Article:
[Aleksejs Mirnijs] needed a tool to accurately measure the power consumption of his Raspberry Pi and Arduino projects, which is an important parameter for dimensioning adequate power supplies and battery packs. Since most SBC projects require a USB hub anyway, he designed a smart, WiFi-enabled 4-port USB hub that is also a power meter – his entry for this year’s Hackaday Prize.
[Aleksejs’s] design is based on the FE1.1s 4-port USB 2.0 hub controller, with two additional ports for charging. Each port features an LT6106 current sensor and a power MOSFET to individually switch devices on and off as required. …read more
Home automation is a favorite in sci-fi, from Tony Stark’s Jarvis, to Rosie the robotic maid on the Jetsons, and even the sliding doors pulled by a stagehand Star Trek. In fact, most people have a favorite technology that should be just about ready to make an appearance in their own home. So where are these things? We asked you a few weeks ago and the overwhelming answer was that the software just isn’t there yet.
We’re toddling through the smart home years, having been able to buy Internet-connected garage doors and thermostats for some time now. But for the most part all of these systems are islands under one roof. Automation is the topic of the current challenge for the 2016 Hackaday Prize. Developing the glue that can hold all of these pieces together would make a great entry. Why doesn’t that glue yet exist?
I think the problem is really twofold. On the one hand, there isn’t a clear way to make many devices work under one software. Second, there really isn’t an obvious example of great user experience when it comes to home automation. Let’s look at why and talk about what will eventually get us there.
Spectroscopy is one of the most useful tools in all of science, and for The Hackaday Prize’s Citizen Science effort [esben] is putting spectroscopy in the hands of every high school student. He’s built a super cheap, but very good spectrophotometer.
The idea of a spectrophotometer is simple enough – shine light through a sample, send that light through a diffraction grating, focus it, and shine the light onto a CCD. Implementing this simple system is all about the details, but with the right low-cost lenses and a 3D printed enclosure, [esben] has this more or less put together.
Of …read more
Linear CCDs are an exceptionally cool component. They can be used for DIY spectrometers, and if you’re feeling very adventurous, a homemade version of those crappy handheld scanners of the early 90s. Linear CCDs don’t see much use around these parts, though, which makes [esben]’s Hackaday Prize entry very cool. He’s building a breakout to make using these linear CCDs easier.
A linear CCD module looks like an overgrown DIP chip with a glass window right on top of a few thousand pixels laid out in a straight line. The data from these pixels isn’t output as a series of …read more
The concept of free will is the perfect example of human arrogance ever conceived. If a gas molecule collides with another gas molecule, simple physics can determine the momentum of the first gas molecule, the kinetic energy imparted to the second gas molecule, and the resulting trajectories of both molecule. Chemical reactions are likewise easy to calculate. Scale a system up to something the size of a human brain, and you have a perfectly predictable system. It’s complex, yes, but predetermined since the beginning of time. You are without moral agency, or any independent thought of your own. You are …read more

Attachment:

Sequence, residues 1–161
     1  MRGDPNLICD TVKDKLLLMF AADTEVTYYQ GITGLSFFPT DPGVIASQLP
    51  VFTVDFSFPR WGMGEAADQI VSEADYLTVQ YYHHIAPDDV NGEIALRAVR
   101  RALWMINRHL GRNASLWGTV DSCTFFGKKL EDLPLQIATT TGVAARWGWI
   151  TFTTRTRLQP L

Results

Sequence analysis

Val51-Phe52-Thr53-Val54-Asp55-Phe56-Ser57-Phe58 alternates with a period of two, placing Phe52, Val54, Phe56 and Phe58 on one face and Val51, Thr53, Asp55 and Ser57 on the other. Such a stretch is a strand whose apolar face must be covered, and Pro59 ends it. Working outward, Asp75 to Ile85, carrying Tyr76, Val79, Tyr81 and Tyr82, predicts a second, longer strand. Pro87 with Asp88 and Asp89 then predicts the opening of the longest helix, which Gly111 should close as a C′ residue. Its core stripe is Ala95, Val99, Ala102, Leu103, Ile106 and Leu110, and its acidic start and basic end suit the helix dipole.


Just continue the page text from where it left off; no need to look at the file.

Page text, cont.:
Reflectance transformation imaging (RTI), or polynomial texture mapping, is a very interesting imaging technique that allows you to capture all the detail of an object. It’s used to take finely detailed pictures of scrawlings on cave walls in archeology, capture every detail of a coin for coin collectors, and to measure the very slight changes in a work of art.
RTI does this by shining light over an object at very particular angles and then using image processing to produce the best image. Despite being only a few LEDs and a bit of software, RTI systems are outrageously expensive. For …read more
The goal for the Citizen Science portion of the Hackaday Prize is to empower people to create their own devices to perform their own analyses For [Adam]’s project, he’s designing a device that measures the health of waterways simply by looking at the light availability through the water column. It’s called PULSE, the Profiling Underwater Light SEnsor, and is able to monitor changes that are caused by algal blooms, suspended sediments, or sewer runoff.
The design of PULSE is a small electronic depth charge that can be lowered into a water column from anything between a research vessel to a …read more
For their Hackaday Prize entry, [Jithin], [Praveen], [Varunbluboy], and [Georges] are working on SEELablet, a device that will equip budding citizen scientists with control and measurement equipment.
One of the best ‘all-in-one’ lab devices is National Instruments’ VirtualBench, a device that’s an oscilloscope, logic analyzer, function generator, multimeter, and power supply, all crammed into one box. There’s a lot you can do with a device like this, but as you would expect, the name-brand version of this isn’t meant for middle school students.
In an effort to bring the cost of an all-in-one lab tool down to a price mere …read more